10. Expensive Repairs
Fly by wire systems are reliable and durable, but they are not fail-proof.
When they fail, repairs are costly because of their complicated and advanced construction.
However, most people who switch from cable and hydraulics to digitally controlled steering never go back to the vintage technology.
5 Things To Do When Your Steering Fails
Boat steering systems rarely fail, but you can become stranded when they do.
It’s important to practice what to do when your steering fails while underway as this can save you and your boat. Here are things you can do during emergency steering failures.
1) Steer With an Emergency Tiller
If your boat has an emergency tiller, you can use it to steer the boat if you lose control of the main system.
Unfortunately, many boaters don’t know the location of the tiller or how to use it, making it useless in emergencies.
Sometimes, rust will prevent you from assembling the tiller onto the post.
Even if you can install the tiller and use it correctly, it may be difficult to control in rough conditions.
Make sure the tiller is not corroded and readily accessible.
You need to make sure the tiller is durable as it can break or split under pressure.
It’s advisable to have a spare tiller fashioned out of a sturdy material in case one fails. You want to practice steering with a tiller before you need to use it in an emergency.
2) Use the Autopilot
In many conditions, you can use a well setup autopilot to steer your boat if the steering fails.
However, there must be a common point between the autopilot and the steering system for this to work.
If your autopilot has a separate pump, it can still do.
3) Tighten the Steering Cables
You may regain steering power by tightening the steering cables.
If the cables are slack, you can use the emergency tiller to increase tension.
Check that the cable has not slipped out of the sheaves.
So long as the cable is in good condition, tightening it can help restore steering if the autopilot fails.
4) Drop Anchor
Drop the anchor if you are in shallow water. This will prevent you from drifting out while trying to figure out what to do.
5) Call for Help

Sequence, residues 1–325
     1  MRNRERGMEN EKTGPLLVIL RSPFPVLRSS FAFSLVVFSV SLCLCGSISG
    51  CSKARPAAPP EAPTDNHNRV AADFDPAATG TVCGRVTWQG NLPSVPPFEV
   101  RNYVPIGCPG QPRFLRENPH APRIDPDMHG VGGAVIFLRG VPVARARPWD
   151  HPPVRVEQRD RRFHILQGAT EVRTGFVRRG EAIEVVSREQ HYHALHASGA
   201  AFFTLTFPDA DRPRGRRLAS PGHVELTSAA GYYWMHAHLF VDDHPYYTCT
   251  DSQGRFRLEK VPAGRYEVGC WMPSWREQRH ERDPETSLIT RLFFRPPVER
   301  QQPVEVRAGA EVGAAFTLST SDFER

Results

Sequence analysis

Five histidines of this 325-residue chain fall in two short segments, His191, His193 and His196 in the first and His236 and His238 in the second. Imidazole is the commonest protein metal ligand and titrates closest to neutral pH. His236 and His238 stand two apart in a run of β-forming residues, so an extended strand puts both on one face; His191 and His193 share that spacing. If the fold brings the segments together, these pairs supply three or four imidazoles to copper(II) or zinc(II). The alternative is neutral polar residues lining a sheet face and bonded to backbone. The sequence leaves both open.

When everything fails, call for help.
This makes it imperative for your radio and GPS facilities to be in good condition so you can get help when it matters most.
How to Maintain Your Steering Systems
Don’t neglect your boat steering because of its reliability. Use the following tips to fine-tune it for improved performance.
- If you use a mechanical steering system, inspect the cables for frayed wire, corrosion, and deformities.
- With a hand-glove, check the cable, particularly where it passes over sheaves. Change frayed and corroded cables.
- For best results, upgrade to high-strength ultra-flex cables.
- Make sure the cables are installed properly and clamped correctly.
- Follow the manufacturer’s guidelines regarding the number of overlaps and ensure that the cable clamp secures the wire end properly.
- Inspect the sheaves for misalignment as this can wear it quickly.
- Worn sheaves reduce tension in the cables, increasing the chances of slippage. It’s also vital to service lubrication points on sheaves.
- For hydraulic systems, the most important maintenance is to keep the fluid level and air pressure at the recommended level.
- Check for leaks if you have air in the system or the fluid level is reducing.
- Common places to check include the hydraulic hoses, jacket, ram seals, and cylinder shaft.
- Connections and fittings exposed to saltwater and friction can cause leaks.
- If your steering feels bouncy, sloppy, or unresponsive, you have air in the system which needs to be purged.
- Bleeding hydraulics takes time and may be more difficult than you expect, but follow the manufacturer’s guidelines and be patient.
- Check the hydraulic oil every three years. If it is cloudy, milky, smelly or dirty, the oil is contaminated.
- Abrasive dirt can spell doom for your hydraulic system. If the oil is contaminated, flush the system and replace the fluid.
Fly By Wire Systems
Digital steering systems rarely need any maintenance. However, adhere to the manufacturer’s instructions regarding operation.
Boat steering systems are unsung heroes in the marine world.
These systems rarely develop issues when they work perfectly but you will know when something is wrong.
If your steering feels different, something is wrong.
With regular maintenance and vigilance, you can get the best out of your boat’s steering with minimal effort.
And if the system on your vessel is outdated, upgrade to one of the many advanced hydraulic and electronic steering solutions for a seamless operation in and out of port. Most problems with your boat’s steering are DIYable but contact a professional for high-level repairs and system overhauls.
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Morten is the founder of GoDownsize. He has filmed and interviewed people living in tiny houses and RVs since 2011. He grew up on the coast where his dad took him boating from a young age. He has completely rebuilt two RVs in which he travels with his family for months at the time. Read more about Morten here.